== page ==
US inflation news to be published today. Will the decline continue?
Investors are bracing for key inflation data in the US on Tuesday that could exacerbate the bond market crisis.
Today’s Bureau of Labor Statistics consumer price index report is expected to show annual inflation at 6.2 percent in January, down from 6.5 percent the previous month, according to economists’ forecasts compiled by Bloomberg.
That would represent the slowest rate since October 2021, but the smallest drop in the annual rate since September, as higher gasoline prices are expected to have boosted the headline figure.
The FT expects core CPI inflation, which excludes volatile food and energy components, to slow to an annual rate of 5.4 percent, down from 5.7 percent in December.
According to Barclays analysts, higher rents will prevent a further decline in core inflation, as well as higher used car prices.
Read: US inflation slows amid anticipation of Fed meeting
In the longer term, Barclays analysts said they revised their forecasts for higher CPI by the end of 2023 and 2024 due to the continued strength of the U.S. labor market.
Last week, the Bureau of Labor Statistics reported that the US added more than half a million jobs in January, nearly three times the number expected.
.. And what about Britain?
January inflation figures in the UK on Wednesday will also be closely watched by investors and the Bank of England as it strives to return inflation to its 2 percent target.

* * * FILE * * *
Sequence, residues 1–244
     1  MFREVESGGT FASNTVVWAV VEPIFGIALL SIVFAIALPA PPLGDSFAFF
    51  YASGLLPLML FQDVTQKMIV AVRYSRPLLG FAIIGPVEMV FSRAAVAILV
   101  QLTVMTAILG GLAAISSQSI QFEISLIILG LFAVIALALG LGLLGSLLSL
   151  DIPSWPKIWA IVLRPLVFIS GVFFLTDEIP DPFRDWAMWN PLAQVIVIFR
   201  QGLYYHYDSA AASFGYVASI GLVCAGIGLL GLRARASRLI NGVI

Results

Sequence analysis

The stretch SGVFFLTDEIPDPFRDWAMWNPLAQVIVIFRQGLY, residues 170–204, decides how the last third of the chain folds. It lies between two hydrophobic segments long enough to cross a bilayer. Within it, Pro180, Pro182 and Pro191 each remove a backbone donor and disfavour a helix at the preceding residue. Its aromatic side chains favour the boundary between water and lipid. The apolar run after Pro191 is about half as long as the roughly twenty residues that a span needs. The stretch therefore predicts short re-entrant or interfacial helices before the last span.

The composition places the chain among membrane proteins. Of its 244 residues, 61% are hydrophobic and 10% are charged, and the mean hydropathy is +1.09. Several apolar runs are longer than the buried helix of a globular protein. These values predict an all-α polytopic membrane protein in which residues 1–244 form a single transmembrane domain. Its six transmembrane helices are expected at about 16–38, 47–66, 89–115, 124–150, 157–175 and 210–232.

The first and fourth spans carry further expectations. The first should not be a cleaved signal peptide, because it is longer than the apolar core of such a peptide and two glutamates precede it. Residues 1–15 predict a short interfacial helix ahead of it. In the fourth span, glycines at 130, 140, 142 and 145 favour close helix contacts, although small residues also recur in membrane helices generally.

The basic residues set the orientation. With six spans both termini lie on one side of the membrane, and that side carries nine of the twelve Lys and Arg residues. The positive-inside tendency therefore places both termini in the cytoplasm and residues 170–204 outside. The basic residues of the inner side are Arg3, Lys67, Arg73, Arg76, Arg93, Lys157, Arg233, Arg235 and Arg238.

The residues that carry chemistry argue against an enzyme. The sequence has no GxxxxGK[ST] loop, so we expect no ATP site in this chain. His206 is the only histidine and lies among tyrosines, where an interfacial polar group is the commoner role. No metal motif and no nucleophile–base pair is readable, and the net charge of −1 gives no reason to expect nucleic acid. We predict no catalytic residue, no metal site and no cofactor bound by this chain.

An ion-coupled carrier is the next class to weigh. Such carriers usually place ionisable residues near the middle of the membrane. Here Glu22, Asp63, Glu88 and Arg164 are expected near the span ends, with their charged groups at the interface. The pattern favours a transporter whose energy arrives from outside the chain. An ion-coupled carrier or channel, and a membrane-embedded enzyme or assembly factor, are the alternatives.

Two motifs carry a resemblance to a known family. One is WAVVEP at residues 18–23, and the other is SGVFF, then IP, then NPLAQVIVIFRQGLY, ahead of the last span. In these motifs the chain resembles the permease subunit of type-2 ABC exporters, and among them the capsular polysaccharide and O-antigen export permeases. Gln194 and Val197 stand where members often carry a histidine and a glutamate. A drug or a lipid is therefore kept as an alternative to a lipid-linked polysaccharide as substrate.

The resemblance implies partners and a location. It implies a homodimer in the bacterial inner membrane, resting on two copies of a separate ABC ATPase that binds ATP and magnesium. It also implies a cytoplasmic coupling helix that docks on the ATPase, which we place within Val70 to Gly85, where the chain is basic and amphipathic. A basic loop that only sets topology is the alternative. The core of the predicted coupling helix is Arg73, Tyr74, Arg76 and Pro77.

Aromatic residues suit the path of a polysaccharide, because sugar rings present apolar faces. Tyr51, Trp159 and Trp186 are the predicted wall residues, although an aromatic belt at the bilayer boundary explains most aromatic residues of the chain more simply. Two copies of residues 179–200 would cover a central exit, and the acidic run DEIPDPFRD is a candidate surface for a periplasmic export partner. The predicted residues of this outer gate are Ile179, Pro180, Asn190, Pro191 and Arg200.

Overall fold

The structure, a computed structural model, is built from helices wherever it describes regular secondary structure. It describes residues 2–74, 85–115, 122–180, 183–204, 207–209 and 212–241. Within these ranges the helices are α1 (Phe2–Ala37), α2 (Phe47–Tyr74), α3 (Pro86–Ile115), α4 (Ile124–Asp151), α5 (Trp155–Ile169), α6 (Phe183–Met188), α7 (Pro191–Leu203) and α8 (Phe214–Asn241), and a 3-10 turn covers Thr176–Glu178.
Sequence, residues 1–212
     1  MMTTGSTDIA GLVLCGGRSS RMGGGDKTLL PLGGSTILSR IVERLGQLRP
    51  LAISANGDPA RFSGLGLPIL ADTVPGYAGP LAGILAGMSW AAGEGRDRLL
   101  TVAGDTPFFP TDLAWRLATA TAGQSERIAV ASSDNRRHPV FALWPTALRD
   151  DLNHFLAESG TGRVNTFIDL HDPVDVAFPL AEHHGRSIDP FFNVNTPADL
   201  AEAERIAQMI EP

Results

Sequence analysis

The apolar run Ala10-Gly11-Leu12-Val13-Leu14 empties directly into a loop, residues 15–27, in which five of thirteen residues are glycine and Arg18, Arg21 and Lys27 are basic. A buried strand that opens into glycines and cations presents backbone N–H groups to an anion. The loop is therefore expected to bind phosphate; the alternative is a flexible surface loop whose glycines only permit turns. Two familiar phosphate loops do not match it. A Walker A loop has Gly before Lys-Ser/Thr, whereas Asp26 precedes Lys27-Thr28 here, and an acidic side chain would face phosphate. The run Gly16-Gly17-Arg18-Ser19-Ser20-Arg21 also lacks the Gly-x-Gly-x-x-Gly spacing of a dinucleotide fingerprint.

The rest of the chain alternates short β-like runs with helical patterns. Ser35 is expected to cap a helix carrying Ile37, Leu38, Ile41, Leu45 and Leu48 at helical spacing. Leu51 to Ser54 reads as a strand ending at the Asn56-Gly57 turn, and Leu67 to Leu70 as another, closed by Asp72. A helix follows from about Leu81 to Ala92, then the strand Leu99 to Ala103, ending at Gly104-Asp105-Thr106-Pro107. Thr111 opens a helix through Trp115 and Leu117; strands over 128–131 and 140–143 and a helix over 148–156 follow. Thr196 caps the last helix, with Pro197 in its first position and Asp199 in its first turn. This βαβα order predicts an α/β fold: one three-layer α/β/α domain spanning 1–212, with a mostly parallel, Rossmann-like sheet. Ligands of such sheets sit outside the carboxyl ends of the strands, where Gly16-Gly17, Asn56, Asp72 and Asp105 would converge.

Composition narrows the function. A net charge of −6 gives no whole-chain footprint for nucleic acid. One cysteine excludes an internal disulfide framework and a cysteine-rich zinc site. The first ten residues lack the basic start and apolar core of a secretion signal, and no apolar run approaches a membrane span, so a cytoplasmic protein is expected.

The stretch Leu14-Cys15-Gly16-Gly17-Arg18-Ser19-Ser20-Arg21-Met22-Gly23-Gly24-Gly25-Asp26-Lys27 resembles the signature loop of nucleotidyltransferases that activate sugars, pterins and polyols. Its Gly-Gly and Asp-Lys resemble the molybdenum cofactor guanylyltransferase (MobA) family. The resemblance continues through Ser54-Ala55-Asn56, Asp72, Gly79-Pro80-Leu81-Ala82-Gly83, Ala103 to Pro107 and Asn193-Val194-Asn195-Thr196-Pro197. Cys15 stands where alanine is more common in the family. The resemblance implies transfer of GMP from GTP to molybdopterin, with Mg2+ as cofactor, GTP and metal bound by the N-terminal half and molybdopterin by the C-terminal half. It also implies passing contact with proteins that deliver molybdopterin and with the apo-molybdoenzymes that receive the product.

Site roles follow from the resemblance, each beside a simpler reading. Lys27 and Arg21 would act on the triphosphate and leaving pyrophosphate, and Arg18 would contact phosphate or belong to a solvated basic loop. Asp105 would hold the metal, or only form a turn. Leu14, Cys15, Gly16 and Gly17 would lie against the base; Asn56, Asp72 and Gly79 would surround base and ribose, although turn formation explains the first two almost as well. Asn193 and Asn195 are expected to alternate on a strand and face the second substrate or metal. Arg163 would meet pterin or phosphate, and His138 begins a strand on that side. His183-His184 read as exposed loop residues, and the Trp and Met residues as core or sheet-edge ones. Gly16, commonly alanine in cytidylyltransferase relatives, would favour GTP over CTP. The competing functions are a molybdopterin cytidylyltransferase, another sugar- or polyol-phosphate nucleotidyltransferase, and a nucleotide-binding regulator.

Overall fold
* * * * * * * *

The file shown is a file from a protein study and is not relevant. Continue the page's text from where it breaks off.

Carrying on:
Economists polled by Reuters expect annual inflation in the UK to slow to a four-month low of 10.2 percent. That would be down from 10.5 percent in December.
Inflation in the UK accelerated last year to a peak in October at 11.1 percent but has since slowed on the back of lower energy price growth. Most economists expect it to continue to slow this year
.. Positivity in the Eurozone
Meanwhile, the European Commission announced that the European economy will record lower inflation and higher-than-expected growth this year after avoiding a recession during the winter despite the war in Ukraine.
The Commission said it raised its forecast for growth in the eurozone in 2023 to 0.9 percent, up 0.6 points, noting that the region would avoid a recession “by a narrow margin” this winter.
These figures point to a significant slowdown from last year’s 3.5 percent growth rate in both the EU and the eurozone.
Inflation is also expected to slow more than expected after the war sent oil and gas prices higher last year.
Annual inflation in the euro area is expected to reach 8.5 percent in January 2023, down from 9.2 percent in December 2022.
“Favorable developments since autumn have improved the outlook for this year,” the commission said in a statement, noting in particular that wholesale gas prices fell “by a wide margin from their pre-war level.”
“In addition, the EU labor market continued to perform strongly with the unemployment rate remaining at its lowest.”
On the other hand, the European Commission lowered its inflation forecast in the euro area in 2023 to 5.6 percent, down -0.5 points, saying that the peak of 10.6 percent in October was exceeded thanks to lower energy prices.
Inflation has fallen for three consecutive months after hitting historic highs, “giving reason to believe that the peak is behind us”, according to the European Commission.
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